News Americas, BRIDGETOWN, Barbados, Fri. April 19, 2019: Here are the top business stories making news from the Caribbean for the week ending April 19, 2019.
A combination of economic shocks could lower growth in Latin America and the Caribbean by an annual average of up to 1.7 percent in 2019-2021 of GDP, according to the Inter-American Development Bank’s Macroeconomic Report, bringing the baseline growth rate from 2.5 percent to just 0.8 percent.
“The potential impacts are of concern because Latin America and the Caribbean is already one of the regions with the slowest annual growth rates in the world,” said IDB Chief Economist Eric Parrado. “We are hopeful that some of worst-case scenarios may be averted, and the report charts a course for the region to obtain a big growth boost by investing in much-needed transport, telecommunications and other infrastructure.”
The Board of Executive Directors of the Inter-American Development Bank (IDB) has approved a new country strategy with Barbados, which will have a financial plan for the period 2019–2023 of up to $300 million for sovereign-guaranteed loans. The new country strategy sets forth development challenges identified jointly by the Government of Barbados and the IDB, as well as a coordinated response to these challenges. Strategic lines of action include the following: support activities to foster fiscal sustainability and a more efficient public sector; safeguard social outcomes; and promote higher productivity and competitiveness to enhance the country’s growth potential.
Eleven people have lost their jobs, and 30 more have accepted early retirement packages, in sweeping changes at Butterfield Bank, Bermuda.
In addition, Butterfield’s Rosebank banking centre and drive-through teller services in Hamilton closed this week.
The principal of a Bay Street-based, Bahamas broker/dealer says he and his 60 Bahamian staff have “a complete defence” to the allegations levied against them by US federal regulators.
Guy Gentile, in legal filings submitted to the New Jersey district court this week, argued that he and MintBroker International (the former Swiss America Securities) had already been cleared by a major US securities watchdog of the purported conduct now being investigated by the Securities & Exchange Commission’s (SEC) Miami office.
He and his attorney, in effect, are arguing that the SEC’s right hand does not know what the left is doing, since the US capital markets regulator’s New Jersey office previously told the federal courts it had no evidence to show he and his Bahamian broker/dealer were soliciting American clients without the required approvals – the very behavior the Miami division is now probing.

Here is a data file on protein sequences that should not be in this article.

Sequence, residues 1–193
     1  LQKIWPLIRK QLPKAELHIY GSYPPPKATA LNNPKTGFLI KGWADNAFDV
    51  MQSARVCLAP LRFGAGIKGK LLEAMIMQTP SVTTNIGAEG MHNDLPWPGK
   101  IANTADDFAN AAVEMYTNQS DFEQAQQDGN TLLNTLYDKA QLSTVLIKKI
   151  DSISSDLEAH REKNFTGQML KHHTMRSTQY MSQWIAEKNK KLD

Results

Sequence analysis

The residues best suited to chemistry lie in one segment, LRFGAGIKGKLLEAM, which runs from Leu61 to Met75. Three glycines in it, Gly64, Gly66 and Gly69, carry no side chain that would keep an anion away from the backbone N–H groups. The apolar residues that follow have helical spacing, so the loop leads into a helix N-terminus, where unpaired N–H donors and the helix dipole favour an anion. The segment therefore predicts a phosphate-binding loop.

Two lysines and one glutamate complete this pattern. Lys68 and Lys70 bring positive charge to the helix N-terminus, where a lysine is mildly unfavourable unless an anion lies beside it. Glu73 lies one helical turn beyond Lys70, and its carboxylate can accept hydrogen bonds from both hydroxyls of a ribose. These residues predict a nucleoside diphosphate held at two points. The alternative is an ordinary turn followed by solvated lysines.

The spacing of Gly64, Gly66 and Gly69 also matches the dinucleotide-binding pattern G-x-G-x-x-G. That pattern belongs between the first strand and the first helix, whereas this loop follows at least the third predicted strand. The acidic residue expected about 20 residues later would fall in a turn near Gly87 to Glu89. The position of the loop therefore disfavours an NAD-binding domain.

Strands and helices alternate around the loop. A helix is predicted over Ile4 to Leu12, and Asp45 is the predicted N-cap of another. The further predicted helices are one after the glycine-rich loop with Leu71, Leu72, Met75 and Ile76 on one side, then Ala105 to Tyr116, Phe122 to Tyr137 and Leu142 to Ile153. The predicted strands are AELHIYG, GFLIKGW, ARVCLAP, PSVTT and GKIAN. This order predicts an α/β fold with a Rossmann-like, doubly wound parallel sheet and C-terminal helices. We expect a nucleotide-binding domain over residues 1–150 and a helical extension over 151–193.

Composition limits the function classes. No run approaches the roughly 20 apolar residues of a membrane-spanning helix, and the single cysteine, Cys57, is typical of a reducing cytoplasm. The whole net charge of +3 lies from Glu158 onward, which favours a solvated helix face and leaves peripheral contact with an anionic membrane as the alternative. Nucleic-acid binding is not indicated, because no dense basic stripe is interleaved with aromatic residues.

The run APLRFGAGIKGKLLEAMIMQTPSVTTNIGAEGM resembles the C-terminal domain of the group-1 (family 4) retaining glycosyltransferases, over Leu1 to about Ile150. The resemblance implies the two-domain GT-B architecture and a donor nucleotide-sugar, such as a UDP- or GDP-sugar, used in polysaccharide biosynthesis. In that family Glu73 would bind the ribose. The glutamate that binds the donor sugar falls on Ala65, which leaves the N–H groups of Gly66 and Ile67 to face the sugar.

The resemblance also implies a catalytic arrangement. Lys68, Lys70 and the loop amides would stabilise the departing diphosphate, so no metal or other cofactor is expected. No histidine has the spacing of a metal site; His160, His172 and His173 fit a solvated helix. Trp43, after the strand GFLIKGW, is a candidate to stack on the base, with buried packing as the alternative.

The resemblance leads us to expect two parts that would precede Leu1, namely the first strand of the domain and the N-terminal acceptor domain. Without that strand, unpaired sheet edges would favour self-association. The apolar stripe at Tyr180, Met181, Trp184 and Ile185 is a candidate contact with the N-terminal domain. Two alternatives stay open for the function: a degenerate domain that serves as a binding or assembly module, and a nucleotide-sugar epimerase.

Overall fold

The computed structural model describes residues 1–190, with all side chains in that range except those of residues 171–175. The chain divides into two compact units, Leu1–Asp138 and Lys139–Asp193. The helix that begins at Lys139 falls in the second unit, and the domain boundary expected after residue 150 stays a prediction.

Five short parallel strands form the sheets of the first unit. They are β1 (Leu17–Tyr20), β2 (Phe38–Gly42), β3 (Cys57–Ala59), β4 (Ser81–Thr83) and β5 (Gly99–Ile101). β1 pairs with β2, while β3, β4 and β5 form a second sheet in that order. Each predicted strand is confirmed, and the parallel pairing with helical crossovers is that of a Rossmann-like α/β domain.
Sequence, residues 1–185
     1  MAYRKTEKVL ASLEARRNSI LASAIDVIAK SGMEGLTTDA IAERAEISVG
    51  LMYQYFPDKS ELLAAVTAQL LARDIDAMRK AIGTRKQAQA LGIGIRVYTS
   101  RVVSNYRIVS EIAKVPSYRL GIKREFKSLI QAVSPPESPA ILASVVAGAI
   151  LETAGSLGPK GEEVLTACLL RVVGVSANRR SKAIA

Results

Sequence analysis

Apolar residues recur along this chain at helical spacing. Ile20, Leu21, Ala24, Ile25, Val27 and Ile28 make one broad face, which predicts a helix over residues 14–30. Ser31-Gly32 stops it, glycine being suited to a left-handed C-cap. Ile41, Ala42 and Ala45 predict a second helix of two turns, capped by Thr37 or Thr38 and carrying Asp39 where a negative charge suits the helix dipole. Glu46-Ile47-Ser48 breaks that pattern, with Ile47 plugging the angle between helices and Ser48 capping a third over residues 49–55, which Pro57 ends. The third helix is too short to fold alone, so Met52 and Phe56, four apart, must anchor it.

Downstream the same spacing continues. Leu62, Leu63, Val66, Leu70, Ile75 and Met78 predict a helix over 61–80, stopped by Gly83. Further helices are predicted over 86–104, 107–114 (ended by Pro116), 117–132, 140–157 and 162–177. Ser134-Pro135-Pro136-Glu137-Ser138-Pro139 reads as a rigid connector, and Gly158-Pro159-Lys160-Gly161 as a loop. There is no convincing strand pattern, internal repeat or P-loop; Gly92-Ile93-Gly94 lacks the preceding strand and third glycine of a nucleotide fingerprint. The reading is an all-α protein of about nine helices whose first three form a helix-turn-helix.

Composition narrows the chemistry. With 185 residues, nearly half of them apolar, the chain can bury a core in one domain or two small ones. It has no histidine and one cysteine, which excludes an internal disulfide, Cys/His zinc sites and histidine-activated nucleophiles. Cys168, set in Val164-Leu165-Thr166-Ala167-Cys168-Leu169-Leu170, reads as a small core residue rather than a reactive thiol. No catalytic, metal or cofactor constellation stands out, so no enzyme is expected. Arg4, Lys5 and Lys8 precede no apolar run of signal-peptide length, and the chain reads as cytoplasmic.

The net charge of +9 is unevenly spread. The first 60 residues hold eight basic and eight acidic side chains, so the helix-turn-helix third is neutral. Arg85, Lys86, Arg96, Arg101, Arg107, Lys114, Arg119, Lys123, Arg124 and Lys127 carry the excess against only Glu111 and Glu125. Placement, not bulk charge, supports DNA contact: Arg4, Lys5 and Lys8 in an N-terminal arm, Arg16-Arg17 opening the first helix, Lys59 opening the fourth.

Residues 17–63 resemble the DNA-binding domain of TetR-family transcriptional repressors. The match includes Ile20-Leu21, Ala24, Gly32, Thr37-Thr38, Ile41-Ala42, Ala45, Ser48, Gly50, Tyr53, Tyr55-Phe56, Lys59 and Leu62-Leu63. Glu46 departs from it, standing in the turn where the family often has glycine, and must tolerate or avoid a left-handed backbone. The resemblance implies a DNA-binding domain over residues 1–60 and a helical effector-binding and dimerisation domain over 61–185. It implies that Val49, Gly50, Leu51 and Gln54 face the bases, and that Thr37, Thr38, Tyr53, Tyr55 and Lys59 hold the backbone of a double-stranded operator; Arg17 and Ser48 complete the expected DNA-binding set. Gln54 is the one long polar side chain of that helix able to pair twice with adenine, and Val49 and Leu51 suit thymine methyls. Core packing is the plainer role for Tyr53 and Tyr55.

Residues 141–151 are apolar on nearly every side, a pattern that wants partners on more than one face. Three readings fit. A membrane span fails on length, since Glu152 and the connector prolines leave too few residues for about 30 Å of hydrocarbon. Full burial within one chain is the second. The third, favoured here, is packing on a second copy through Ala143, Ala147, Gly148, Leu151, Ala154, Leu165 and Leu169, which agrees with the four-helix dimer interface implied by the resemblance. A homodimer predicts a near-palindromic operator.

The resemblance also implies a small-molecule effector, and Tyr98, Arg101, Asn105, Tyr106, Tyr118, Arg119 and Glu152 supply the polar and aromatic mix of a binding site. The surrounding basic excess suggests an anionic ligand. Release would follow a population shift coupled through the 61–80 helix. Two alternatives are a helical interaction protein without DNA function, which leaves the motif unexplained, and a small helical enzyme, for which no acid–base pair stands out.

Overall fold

Police on the Dutch Caribbean island of Aruba have arrested a Dutch national carrying over €800,000 in cash on money laundering charges, broadcaster NOS reports. The man, about whom police will only say he is 39, was born in Suriname and lives in Amsterdam, was on his way to Miami. He was taken into custody during a scheduled landing on Aruba at the request of the Dutch public prosecution office.
HP says it has been actively reducing ocean-bound plastic in Haiti since 2016, when the company began partnering with the First Mile Coalition to convert plastic bottles into recycled material used in Original HP ink cartridges.
These efforts have already diverted approximately 716,000 pounds of plastic materials – or more than 25 million bottles – preventing this plastic from reaching the waterways and oceans and repurposed it into HP cartridges.
Globally, HP has converted more than 199 million pounds of recycled plastic into 3.9 billion HP Original ink and toner cartridges since 2000.
Eighteen graduates of St. George’s University, Grenada, have secured residencies through the Canadian Resident Matching Service’s 2019 cycles. he 18 graduates matched into residencies across Canada. Eleven will be in Ontario. The seven remaining graduates matched into programs in Alberta, Saskatchewan, British Columbia, Manitoba, and Quebec. They’ll work in six different specialties, ranging from psychiatry and anesthesiology to family medicine and obstetrics.
More than 600 current St. George’s students hail from Canada. Over 140 of the university’s graduates have matched into Canadian residency programs since 2010. Altogether, St. George’s has educated more than 1,600 Canadians since its founding four decades ago.
Puerto Rico Gov. Ricardo Rosselló has placed a definitive bet on wind, water, and sunshine. Last week, he signed a bill, the Public Energy Policy Law of Puerto Rico, to power the island solely by renewable energy by 2050. Along the way, the island must draw 40 percent of its electricity from renewables by 2025 and give up coal by 2028.